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Heads up: I was able to watch this series before its recent release via a screener sent to me by Netflix. I got no other form of monetization other than the screener. Thank you, Netflix.
When a ton of different kinds of similar films come out in one year, you want to stand out and be able to stay on your own two feet against the competition. There is nothing worse than being the film that you reference in a negative way when you are comparing it to the film that may be similar but is the better option. This happens from time to time with certain years in animation. Why should anyone choose the subjectively weaker option, when you have something subjectively better offered to you? In this case, this year we have two different action fantasy films that take place in their respective franchises. You have the famous Demon Slayer: Mugen Train, which is the sequel film to the first season of the shonen action franchise, and now we have the prequel film to the Netflix live-action series, The Witcher with The Witcher: Nightmare of the Wolf.
Directed by Kwang ll Han, written by Beau DeMayo, based on the book series by Andrej Sapkowski, and produced by the legendary Studio Mir, this is a prequel story that takes place decades ago before our lovely Geralt takes the mantle as the main character. So, what do we get instead of a story following a baby Geralt? Well, you should heighten your senses and get your silver sword ready for what I’m about to review.
Our main hero for this story is Vesemir, voiced by Theo James, an infamous swashbuckling Witcher and future mentor to the franchise’s main character Geralt. Vesemir is going about his days as a monster slayer, who is hated among monsters and humans alike. I mean, technically, no one likes Witchers and there has been tension among his kind due to the growing tension between humans, the dwindling number of monsters, and their futures. During one night, Vesemir encounters a truly unique version of a monster known as a Leshen, and that sets him off on his journey to find out exactly what is going on, who is behind these weird new experiments, and will he and his kind be able to survive?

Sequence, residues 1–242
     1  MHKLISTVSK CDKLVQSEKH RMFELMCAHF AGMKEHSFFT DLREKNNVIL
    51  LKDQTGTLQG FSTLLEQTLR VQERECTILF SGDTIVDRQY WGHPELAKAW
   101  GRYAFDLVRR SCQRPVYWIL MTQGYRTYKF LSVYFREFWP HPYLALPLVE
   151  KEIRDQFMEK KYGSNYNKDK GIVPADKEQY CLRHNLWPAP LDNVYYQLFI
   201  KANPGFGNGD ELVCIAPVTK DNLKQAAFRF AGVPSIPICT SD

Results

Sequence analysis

So, with this being a prequel story to the main events of the TV series, how does it handle the overall story of Geralt’s mentor and his days as a younger Witcher? I think one decision that was well executed was the fact that you can pretty much sit down with this film and not have seen the live-action show or played the games, and get an understanding as to what the story is about, and the dark fantasy world in which they live. It has a sort of typical fantasy thriller experience, and you can understand who was behind what exactly, before the twists are revealed, but because the dialogue was this great mix of camp and charm, and the overall story is morally grey, it makes for a fun romp to experience. The world of The Witcher is dark, morally grey, and unforgiving. While I call Vesemir the hero of our story, he has some skeletons in his closet that make him a flawed hero. Like I said though, you are easily roped into the story as you do see the complexity of this world’s politics. What you find out about the origins of the Witchers isn’t great, but you can see their perspective in how one becomes a Witcher and how they try to survive in a world full of discrimination and hatred, and how that can corrupt anyone. Now, with all that said, the film knows it’s an action flick, and Vesemir, while having his serious and dry moments, is mouthy. He has some very action movie one-liners and is cocky, but in a fun way. He also has a sincere heart for himself and for the people he cares about. It results in a film full of some mild cynicism, but a lot of heart. It might have a script that can be a bit blunt at times with its commentary, but it never bothered me, and with some lessons and themes, it’s good to be blunt about certain things. Now, if you are wondering if you will ever see Geralt, you will, but don’t expect to see him in any real meaningful way. This is Vesemir’s story, and he’s a fun lead character. It’s one of the few prequel stories where I feel like it tells a good story that never made me think about “well, why should I care about anyone here since it’s a prequel?”. Anytime a prequel can make me say that, they are on my good side.